Earlier this month, James Kwak penned an extensive critique for The Atlantic of the Econ 101 view that government-imposed minimum wage rates lead to job losses. There is a lot of muddled thinking in the article, not least that it constantly conflates poverty and inequality. But for the sake of brevity, here are 9 observations:
- The theoretical and empirical literature does suggest the minimum wage question is more complex than first imagined, and it should not surprise us that reality lies somewhere between the perfectly competitive model of the labor market and the monopsonistic one, depending on the time and sector analyzed.
- However, the bulk of the detailed empirical literature still supports Econ 101’s prediction that raising wages by government dictat reduces labor demand, particularly for certain groups (the young and lowest skilled). Of course, the “bite” of the minimum wage is significant. That an increase from $7.25 to $8 may not have a large effect on the labor market does not mean that a rise to $15 wouldn’t have a much bigger effect.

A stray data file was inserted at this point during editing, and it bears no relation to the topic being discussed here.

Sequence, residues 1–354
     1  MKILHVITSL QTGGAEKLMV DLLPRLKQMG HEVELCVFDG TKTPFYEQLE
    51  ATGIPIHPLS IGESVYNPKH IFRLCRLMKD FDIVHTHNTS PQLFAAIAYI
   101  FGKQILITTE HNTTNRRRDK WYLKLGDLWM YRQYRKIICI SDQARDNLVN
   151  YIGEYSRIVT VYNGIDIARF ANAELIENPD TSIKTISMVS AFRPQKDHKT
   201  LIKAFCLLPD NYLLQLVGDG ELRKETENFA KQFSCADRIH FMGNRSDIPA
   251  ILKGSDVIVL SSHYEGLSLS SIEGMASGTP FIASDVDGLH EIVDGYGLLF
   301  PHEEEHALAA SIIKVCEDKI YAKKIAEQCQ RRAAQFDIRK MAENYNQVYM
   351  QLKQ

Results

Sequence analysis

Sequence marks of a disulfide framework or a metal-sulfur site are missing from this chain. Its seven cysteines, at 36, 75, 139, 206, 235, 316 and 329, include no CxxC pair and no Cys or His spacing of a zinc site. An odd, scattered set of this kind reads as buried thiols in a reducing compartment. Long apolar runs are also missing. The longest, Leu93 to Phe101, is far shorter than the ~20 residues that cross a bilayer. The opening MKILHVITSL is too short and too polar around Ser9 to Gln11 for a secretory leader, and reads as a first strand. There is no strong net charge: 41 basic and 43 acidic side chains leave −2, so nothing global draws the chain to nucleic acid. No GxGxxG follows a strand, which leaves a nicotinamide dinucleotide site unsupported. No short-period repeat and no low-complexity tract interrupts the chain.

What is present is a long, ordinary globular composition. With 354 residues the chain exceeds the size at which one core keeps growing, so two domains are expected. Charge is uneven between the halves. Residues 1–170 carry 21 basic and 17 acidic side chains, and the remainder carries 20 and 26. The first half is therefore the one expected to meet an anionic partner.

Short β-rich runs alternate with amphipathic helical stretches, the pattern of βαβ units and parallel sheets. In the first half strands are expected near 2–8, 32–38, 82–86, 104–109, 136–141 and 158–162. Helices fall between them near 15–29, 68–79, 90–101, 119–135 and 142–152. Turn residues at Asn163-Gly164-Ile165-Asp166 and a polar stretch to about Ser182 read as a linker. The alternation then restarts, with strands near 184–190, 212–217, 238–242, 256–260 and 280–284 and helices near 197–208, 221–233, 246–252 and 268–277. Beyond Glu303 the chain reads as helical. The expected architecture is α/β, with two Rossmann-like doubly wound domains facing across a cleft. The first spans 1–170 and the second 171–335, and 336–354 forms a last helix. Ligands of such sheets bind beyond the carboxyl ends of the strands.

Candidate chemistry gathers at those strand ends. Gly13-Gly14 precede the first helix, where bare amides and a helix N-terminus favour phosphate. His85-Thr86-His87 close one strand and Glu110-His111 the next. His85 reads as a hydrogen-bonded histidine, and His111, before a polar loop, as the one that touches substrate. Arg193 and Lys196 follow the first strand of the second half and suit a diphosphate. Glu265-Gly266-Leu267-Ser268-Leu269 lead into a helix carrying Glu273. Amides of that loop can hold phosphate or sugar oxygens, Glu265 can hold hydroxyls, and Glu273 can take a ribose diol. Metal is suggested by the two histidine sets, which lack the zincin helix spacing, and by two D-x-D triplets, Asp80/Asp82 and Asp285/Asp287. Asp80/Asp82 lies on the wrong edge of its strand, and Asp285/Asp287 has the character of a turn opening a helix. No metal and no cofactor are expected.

- Reductions in labor demand need not mean higher unemployment per se (and so tracking time series of unemployment against minimum wage rates is unhelpful.) It may affect hours offered, lower the quality of jobs as firms cut back on financing training, or lead to cuts to other employee benefits. More recent evidence also stresses the dynamism of the labor market – minimum wage hikes may not manifest themselves through immediate job cuts (not least because of redundancy costs and stickiness of contracts/orders), but can lower the propensity to hire in future and hence slow job growth.